Q&A: New Facebook tool to mitigate foreign interference, make 2022 polls transparent

By The Philippine Center for Investigative Journalism (PCIJ)

In a step toward campaign finance transparency in the Philippines, Facebook has started monitoring political advertising in the country through its Ad Library.

It is a publicly available tool that tracks pages paying for political ads, the persons paying for them, the amounts they paid, and the demographics of targeted users, among other information.

The Ad Library shows that several potential candidates in the 2022 elections have started advertising on the social media platform more than a year before the May 2022 polls.

Senator Sherwin Gatchalian, who is seeking reelection, topped the list. He spent P4.5 million on Facebook ads from August 2020 to April 2021. (READ: Potential bets start advertising on Facebook as 2022 campaign shifts to social media)

Philippine Center for Investigative Journalism (PCIJ) Executive Director Carmela Fonbuena spoke to Clare Amador, head of policy of Facebook Philippines, about the new tool that will make it easier for poll officials to monitor and regulate election spending.

– Philippine Center for Investigative Journalism

“We’ve been involved in more than 200 elections around the world since 2017. We know that every election is different,  so we take this experience and work closely with local experts to learn what’s most useful to mitigate risks and prevent interference,” Amador said.

The 2022 elections are expected to move significantly online amid mobility restrictions because of the coronavirus pandemic.

Read the Facebook’s response to PCIJ below:

What role are you hoping the FB Ad Library can play in the 2022 Philippine elections?                         

The ads library and authorization process will provide detailed transparency information around political advertising throughout the election, as well as mitigate foreign interference. It is publicly available to everyone.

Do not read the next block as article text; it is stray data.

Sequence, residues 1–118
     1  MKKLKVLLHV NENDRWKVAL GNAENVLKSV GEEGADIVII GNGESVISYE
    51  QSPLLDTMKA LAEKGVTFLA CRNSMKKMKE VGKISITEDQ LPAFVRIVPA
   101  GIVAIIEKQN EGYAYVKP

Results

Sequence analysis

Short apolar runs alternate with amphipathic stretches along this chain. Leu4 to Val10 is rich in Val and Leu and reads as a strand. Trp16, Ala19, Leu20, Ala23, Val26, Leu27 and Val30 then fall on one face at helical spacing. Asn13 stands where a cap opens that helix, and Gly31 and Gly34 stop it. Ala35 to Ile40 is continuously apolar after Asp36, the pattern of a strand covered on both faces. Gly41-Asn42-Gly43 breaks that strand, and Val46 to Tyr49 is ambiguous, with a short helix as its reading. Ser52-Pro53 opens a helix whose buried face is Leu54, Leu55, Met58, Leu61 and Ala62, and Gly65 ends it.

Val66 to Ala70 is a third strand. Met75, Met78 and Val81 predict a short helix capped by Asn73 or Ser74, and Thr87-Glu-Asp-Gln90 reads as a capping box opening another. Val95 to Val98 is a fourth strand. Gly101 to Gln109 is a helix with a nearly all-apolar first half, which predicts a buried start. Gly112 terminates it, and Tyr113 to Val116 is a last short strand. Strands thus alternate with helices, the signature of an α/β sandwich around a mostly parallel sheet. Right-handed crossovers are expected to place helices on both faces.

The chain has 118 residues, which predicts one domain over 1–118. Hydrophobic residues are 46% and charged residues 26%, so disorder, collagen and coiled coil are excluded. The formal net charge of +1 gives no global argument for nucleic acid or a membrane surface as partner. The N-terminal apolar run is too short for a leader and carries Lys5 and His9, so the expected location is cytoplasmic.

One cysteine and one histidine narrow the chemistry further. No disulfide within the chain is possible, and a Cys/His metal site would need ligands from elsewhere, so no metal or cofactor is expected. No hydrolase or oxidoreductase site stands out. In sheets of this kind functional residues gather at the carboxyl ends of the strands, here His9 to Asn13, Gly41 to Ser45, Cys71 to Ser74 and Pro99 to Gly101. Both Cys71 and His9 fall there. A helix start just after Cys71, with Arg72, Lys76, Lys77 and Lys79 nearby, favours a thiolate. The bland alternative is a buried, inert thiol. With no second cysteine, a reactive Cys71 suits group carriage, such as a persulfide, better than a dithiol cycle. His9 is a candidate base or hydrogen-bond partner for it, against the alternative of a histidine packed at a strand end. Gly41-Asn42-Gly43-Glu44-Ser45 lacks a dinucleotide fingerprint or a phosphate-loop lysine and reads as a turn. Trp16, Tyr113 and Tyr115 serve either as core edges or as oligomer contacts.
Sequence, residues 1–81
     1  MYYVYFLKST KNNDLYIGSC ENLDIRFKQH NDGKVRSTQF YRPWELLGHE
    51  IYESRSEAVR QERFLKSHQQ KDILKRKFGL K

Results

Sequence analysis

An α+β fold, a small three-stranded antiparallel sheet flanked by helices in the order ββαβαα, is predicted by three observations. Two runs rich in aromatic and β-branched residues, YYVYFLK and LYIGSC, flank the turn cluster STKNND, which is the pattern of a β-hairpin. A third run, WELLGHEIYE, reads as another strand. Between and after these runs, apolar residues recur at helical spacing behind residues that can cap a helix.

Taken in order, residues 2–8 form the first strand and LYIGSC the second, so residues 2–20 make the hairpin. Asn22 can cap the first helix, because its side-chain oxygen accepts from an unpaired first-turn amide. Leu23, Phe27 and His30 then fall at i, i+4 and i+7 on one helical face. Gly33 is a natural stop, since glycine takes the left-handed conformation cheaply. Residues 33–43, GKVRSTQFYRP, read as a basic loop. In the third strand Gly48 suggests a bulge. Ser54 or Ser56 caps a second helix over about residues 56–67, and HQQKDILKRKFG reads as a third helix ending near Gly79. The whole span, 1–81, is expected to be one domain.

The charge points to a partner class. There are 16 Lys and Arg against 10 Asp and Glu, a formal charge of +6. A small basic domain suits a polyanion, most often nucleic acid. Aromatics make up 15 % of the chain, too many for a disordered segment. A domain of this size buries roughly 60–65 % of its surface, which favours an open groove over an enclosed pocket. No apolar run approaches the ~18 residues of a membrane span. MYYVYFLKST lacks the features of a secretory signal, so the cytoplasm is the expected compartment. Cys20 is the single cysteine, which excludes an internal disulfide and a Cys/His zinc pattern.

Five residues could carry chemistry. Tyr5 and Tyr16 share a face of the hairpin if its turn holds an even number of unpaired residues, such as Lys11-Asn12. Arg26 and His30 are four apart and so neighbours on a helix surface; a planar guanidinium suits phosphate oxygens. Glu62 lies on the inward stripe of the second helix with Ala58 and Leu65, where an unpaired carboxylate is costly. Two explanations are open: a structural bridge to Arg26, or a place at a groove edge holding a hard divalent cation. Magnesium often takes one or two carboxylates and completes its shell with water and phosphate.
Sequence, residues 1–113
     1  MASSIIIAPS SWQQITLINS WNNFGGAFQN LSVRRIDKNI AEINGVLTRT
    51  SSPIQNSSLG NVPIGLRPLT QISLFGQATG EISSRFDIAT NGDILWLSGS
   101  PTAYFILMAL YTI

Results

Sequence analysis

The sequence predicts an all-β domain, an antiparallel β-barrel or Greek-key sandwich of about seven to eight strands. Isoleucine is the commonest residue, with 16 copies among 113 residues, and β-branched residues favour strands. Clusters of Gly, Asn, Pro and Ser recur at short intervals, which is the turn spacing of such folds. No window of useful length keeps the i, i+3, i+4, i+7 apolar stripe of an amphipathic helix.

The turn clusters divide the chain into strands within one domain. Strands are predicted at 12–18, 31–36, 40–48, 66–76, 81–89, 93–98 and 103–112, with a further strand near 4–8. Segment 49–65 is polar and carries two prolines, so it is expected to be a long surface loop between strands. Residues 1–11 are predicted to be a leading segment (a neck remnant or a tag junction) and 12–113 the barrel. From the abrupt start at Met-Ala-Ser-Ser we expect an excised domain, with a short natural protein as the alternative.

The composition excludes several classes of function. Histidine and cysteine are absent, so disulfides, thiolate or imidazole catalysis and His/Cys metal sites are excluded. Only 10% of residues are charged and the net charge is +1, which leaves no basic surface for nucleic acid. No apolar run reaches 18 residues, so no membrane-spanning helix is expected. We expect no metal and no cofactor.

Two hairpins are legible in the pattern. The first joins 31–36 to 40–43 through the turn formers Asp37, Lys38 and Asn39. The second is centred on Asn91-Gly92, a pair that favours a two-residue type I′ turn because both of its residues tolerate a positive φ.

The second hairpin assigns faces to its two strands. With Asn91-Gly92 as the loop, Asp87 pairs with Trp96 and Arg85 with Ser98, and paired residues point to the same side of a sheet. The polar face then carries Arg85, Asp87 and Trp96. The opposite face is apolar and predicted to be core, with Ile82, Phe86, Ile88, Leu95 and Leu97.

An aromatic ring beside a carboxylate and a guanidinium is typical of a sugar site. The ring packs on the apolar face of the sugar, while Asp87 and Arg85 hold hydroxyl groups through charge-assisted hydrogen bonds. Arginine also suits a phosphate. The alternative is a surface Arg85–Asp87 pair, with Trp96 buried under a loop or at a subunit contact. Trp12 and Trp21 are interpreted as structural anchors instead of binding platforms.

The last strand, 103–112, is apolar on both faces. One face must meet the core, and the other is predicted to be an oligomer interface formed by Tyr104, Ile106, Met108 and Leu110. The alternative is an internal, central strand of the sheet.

We believe that transparency leads to increased accountability and responsibility over time – not just for Facebook but advertisers as well. It’s why we continue to introduce tools that allow elected officials, those seeking office and aiming to influence public opinion to show more information about the ads they run and who’s behind them.

(Advertisers on Facebook are required to submit Philippines identification.)

Does it mean no candidate or supporter will be able to advertise on Facebook without agreeing to register as advertisers?

It is our intention to detect political ads – all ads are reviewed before they’re shown on Facebook or Instagram through a combination of automated (artificial intelligence) and human review.

In certain cases, if an ad is already running and it’s about elections or politics, it can be flagged by automated systems or reported by our community. These ads will be reviewed again and if found to be violating our policy by missing a disclaimer, we will also take it down and require they complete authorizations to continue running it.

Based on Facebook’s experiences in other countries, which groups have been able to maximize the database?

We’ve been involved in more than 200 elections around the world since 2017. We know that every election is different, so we take this experience and work closely with local experts to learn what’s most useful to mitigate risks and prevent interference.

The Ad Library is a comprehensive tool that provides a view of ads across Facebook’s apps and services. This transparency tool can be invaluable for election regulators trying to understand which ads are running during their elections, who is responsible for them, how much advertisers and candidates are spending to reach and influence voters, and to analyze additional insights so they can help hold advertisers and Facebook accountable.

Will you be sending the Ad Library to the Commission on Elections?

The Ad Library is publicly available to everyone. We will continue to work with Comelec (Commission on Elections) to find ways to support them in their efforts to hold political advertisers  more accountable. – PCIJ.org

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